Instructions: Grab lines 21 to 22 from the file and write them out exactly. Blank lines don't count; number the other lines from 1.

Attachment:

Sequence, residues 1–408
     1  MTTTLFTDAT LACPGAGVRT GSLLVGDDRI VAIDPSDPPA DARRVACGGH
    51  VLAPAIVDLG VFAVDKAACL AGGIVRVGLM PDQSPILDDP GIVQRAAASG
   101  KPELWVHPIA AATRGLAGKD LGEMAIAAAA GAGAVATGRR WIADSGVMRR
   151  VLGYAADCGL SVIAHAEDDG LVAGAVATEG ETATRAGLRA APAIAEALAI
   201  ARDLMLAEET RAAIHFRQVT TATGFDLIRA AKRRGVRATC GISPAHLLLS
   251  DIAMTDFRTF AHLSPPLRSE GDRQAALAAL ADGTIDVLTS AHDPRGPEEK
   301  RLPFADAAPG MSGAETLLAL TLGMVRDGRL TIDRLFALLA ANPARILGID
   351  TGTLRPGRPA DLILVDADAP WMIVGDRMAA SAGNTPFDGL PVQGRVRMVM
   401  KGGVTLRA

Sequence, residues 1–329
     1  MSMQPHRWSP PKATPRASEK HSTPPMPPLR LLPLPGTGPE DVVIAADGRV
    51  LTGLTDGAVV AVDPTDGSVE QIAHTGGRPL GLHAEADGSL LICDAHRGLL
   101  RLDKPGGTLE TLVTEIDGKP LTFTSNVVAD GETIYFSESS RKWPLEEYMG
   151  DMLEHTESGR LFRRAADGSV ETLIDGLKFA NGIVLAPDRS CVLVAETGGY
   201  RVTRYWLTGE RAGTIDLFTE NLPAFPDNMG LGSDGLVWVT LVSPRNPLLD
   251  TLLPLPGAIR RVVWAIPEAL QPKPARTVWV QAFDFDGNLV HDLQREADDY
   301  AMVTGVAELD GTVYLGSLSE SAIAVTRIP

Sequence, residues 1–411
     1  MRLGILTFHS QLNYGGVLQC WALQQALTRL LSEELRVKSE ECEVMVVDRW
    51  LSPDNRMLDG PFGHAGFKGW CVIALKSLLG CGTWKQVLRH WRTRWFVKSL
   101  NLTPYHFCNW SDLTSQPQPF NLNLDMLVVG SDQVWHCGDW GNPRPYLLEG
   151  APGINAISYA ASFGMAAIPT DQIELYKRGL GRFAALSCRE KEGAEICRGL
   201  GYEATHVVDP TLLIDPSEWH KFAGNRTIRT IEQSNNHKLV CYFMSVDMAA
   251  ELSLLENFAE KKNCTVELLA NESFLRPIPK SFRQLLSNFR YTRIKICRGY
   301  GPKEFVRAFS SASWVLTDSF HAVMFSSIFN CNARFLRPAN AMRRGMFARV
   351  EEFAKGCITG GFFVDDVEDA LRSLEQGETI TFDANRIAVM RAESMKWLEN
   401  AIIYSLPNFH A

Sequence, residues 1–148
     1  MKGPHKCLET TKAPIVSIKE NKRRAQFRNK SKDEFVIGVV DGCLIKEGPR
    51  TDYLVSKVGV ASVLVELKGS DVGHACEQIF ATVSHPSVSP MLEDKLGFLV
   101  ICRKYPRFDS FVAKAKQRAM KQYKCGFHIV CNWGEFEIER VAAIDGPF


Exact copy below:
    51  LSPDNRMLDG PFGHAGFKGW CVIALKSLLG CGTWKQVLRH WRTRWFVKSL
   101  NLTPYHFCNW SDLTSQPQPF NLNLDMLVVG SDQVWHCGDW GNPRPYLLEG